"In The Third of May 1808, Francisco de Goya painted an event that took place on the second and third of May1808, when the citizens of Madrid rose up against the French invaders and received on the following day a swift and barbarous retribution (Honour, 602). On the left of the painting, a group of unarmed civilians kneeling in a mingled pool of blood and dead bodies, backed against a mound and facing a firing-squad; members of the firing squad, on the right, are ready and committed to carry out the executions; a group of spectators have gathered past the condemned and the executioners to witness the event. The dark sky in the background is sad and gloomy, and a palace looks lifeless and has lost all its grandeur. The only illumination in the painting comes from a lantern at the feet of the soldiers.

Initial observation arouses sympathy in our heart for the helpless men who are facing death, but careful analysis would help us understand that perhaps they do not deserve sympathy. Instead, these men are facing justice; the table of oppression has turned against them! A monk among the condemned civilians reminds us vividly of the Spanish Inquisition. Spain bathed in death and destruction, but the time has come for them to meet their fate. Goya did not show us the faces of the executioners—i.e., their identity-- because it is unimportant who is carrying out justice. Some may think those are French soldiers, but their uniforms and high hats (French soldiers wore hats with a flattened brim in front and back) do not support such view.

The civilians witnessing the execution appear to be neutral, participating in neither invasion nor in the uprising; thus, they are innocent. However, in realty, these men are treacherous individuals who benefited from being Spaniards but refused to help the motherland. Now come the cowards to witness the death of the Spanish heroes. The guilt in these weaklings is constant and as a result, they cannot make direct eye contact with the condemned men or the soldiers; one of them looks at the event through a hesitant side-glance while the others have covered their eyes with shame.

Finally, Goya, the great Spanish painter, focuses the lone lantern on the people who are dead or would be dead shortly. Therefore, it would be reasonable if we conclude the essence of this painting is death and the horror."

UK Times Interview with Goya writer Robert Hughes

A September 17, 2006 interview (which mentions a possible BBC Goya movie) with Robert Hughes (see our page on Hughes & his Goya book here) is online at the UK Times here.

Leonard Baskin's etching "Portrait of Goya" in St. Petersburg

Exhibit through October 29, 2006. Information, call (USA) 727-712-5762

American artist Leonard Baskin (1922-2000) is presented in a selection of works in exhibit at the Leepa-Rattner Museum in St. Petersburg, Florida, USA. Includes Baskin's etching portrait of Goya. The museum web site is here and a review of the exhibit by Lennie Bennet is here.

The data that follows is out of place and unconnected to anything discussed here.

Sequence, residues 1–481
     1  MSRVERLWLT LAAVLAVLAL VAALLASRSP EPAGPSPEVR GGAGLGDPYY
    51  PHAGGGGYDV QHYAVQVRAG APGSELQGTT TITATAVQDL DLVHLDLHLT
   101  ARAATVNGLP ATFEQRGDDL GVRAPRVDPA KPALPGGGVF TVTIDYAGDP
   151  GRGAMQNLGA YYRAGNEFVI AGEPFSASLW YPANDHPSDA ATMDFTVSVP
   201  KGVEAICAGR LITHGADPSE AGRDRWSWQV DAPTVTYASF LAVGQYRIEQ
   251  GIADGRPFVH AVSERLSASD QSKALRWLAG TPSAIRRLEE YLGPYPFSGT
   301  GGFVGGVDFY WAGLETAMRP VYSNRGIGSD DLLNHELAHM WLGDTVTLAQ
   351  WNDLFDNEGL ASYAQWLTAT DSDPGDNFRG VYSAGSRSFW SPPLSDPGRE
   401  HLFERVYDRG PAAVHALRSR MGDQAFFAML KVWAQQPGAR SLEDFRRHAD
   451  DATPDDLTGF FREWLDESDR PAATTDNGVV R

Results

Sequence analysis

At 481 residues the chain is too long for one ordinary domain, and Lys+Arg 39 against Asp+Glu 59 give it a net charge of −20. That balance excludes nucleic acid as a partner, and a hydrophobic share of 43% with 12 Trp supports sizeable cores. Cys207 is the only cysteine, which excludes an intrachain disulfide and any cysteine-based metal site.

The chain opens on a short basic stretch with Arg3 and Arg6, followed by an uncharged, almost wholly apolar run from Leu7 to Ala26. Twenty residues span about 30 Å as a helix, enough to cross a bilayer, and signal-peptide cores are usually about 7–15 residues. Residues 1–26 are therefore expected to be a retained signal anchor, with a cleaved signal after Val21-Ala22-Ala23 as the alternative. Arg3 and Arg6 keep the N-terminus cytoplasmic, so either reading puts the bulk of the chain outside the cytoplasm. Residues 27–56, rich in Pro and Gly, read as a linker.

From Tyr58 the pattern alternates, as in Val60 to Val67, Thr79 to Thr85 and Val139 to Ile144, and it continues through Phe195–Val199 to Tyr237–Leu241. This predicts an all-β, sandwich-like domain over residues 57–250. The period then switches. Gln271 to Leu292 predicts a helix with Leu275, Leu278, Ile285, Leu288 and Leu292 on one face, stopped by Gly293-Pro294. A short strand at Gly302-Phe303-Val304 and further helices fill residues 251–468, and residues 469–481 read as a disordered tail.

Sarah Symmons

Caprichos Exhibit at Braithewaite Fine Arts Gallery in Cedar City, Utah

September 21, 2006 – November 11, 2006. Over 100 pieces on exhibit including 80 Caprichos prints and single prints from Los Desastres de la Guerra, Los Proverbios, La Tauromaquia and one piece after Velazquez. From Landau Traveling Exhibits. Read about the traveling exhibit at a-r-t.com, and the Braithwaite Gallery at suu.edu

Goya's Ghosts movie still without distributor for theatre release

[UPDATE: It appears Warner Brothers will be distributing Goya's Ghosts for the United States market] The website moviecitynews.com has an article titled "29 weeks to Oscar" which mentions the current state for the Milos Forman/Saul Zantz Goya movie:

"The directors I foresee racing are still pretty much familiar awards season names, but a lot of those directors' films have simply become also-rans, some even without being seen. Just a couple of for-instances would be Milos Forman's Goya's Ghosts, which still has no distributor, and Scorsese's The Departed, which is now being positioned as an action movie first and awards movie not at all. "

Our page on the film Goya's Ghosts is here.

Newer Goya News

Older Goya News


Goya The Terrible Sublime - Graphic Novel - (Spanish Edition) - Amazon

Goya: His Life & Works in 500 Images: An illustrated account of the artist, his life and context, with a gallery of 300 paintings and drawings – 256 pages, Lorenz Books, 2015 - Amazon

Goya Ephemera

"From this headlong seizure of life we should not expect a calm and refined art, nor a reflective one. Yet Goya was more than a Nietzschean egoist riding roughshod over the world to assert his supermanhood. He was receptive to all shades of feeling, and it was his extreme sensitivity as well as his muscular temerity that actuated his assaults on the outrageous society of Spain." From Thomas Craven's essay on Goya from MEN OF ART (1931).

"...Loneliness has its limits, for Goya was not a prophet but a painter. If he had not been a painter his attitude to life would have found expression only in preaching or suicide." From Andre Malroux's essay in SATURN: AN ESSAY ON GOYA (1957).

"Goya is always a great artist, often a frightening one...light and shade play upon atrocious horrors." From Charles Baudelaire's essay on Goya from CURIOSITES ESTRANGERS (1842).

"[An] extraordinary mingling of hatred and compassion, despair and sardonic humour, realism and fantasy." From the foreword by Aldous Huxley to THE COMPLETE ETCHINGS OF GOYA (1962).

"His analysis in paint, chalk and ink of mass disaster and human frailty pointed to someone obsessed with the chaos of existence..." From the book on Goya by Sarah Symmons (1998).

"I cannot forgive you for admiring Goya...I find nothing in the least pleasing about his paintings or his etchings..." From a letter to (spanish) Duchess Colonna from the French writer Prosper Merimee (1869).

Los Caprichos Goya - Amazon

GOYA : Los Caprichos - Dover Edition - Amazon

Goya Book - Robert Hughes - 2006

Goya A Life in Letters

Goya: A Life in Letters